GitHub admits to accidentally firing a Jewish employee and offers him his job again. The news comes after the company hired an independent law firm to investigate the termination, and found that “major mistakes” were made. The company’s chief human resources officer, Carrie Olison, has also resigned.
GitHub CEO Nat Friedman wrote in an internal letter to staff on January 16: “Yesterday evening, the investigation came to the conclusion that significant mistakes were made that are inconsistent with our internal practices or the judgment we expect of our leaders.” He said the company would be issued Public apologies to her blog this weekend.
In this post, GitHub Operations Director Erica Brescia said: “To the employee we would like to say publicly: We sincerely apologize.”
The controversial shooting came just two days after the employee warned colleagues in Washington, D.C. to stay safe from the Nazis – The news I report for the first time Interested in the business. The message was sent on January 6th, the day of the uprising in Washington, DC, as rioters linked to neo-Nazi organizations stormed the Capitol.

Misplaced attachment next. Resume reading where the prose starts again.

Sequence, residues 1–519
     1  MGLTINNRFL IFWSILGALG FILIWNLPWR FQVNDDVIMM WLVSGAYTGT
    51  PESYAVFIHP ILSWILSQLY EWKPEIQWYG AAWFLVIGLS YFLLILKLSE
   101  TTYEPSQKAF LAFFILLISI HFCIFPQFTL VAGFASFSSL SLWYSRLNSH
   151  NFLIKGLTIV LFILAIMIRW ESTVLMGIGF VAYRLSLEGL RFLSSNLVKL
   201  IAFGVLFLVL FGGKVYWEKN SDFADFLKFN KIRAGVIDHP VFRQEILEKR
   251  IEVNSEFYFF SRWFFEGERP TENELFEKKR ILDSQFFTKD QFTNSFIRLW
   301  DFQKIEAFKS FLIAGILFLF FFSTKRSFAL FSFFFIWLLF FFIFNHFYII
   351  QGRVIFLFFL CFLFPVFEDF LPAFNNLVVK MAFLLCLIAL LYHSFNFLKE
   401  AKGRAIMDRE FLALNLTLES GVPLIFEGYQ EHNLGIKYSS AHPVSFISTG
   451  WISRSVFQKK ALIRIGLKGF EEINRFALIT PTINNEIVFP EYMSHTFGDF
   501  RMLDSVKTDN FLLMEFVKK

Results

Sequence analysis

The warning drew criticism from a colleague who misused the word “Nazi” and prompted GitHub’s human resources team to reprimand the Jewish employee. Two days later, he was fired.
In the wake of the termination, nearly 200 of GitHub’s 1,700 employees signed an open letter requesting an explanation of the reason for the abandonment. Workers also began to use the word “Nazi” frequently in Slack, To describe the rioters in the capital.
An engineer wrote on Slack: “Others have already said it, but I just want to say it myself – I think the Nazis were present at some of the protests on January 6, and it’s very frightening to see these ideas on display.” “100% of the Nazis were there, and 1,000,000,000% of the Nazis are scary like damn and don’t belong anywhere. Especially in GitHub!” Another replied.
In his memo to employees this weekend, Friedman stressed that employees (whom the company calls “goldsmiths”) are allowed to speak out about their concerns about white supremacy. He wrote, “Hubbers is free to voice his concerns about neo-Nazis, anti-Semitism, white supremacy or any other form of discrimination or harassment.” “Of course, we expect Hubbers to be respectful and professional, and to follow GitHub’s policies on discrimination and harassment at all times.”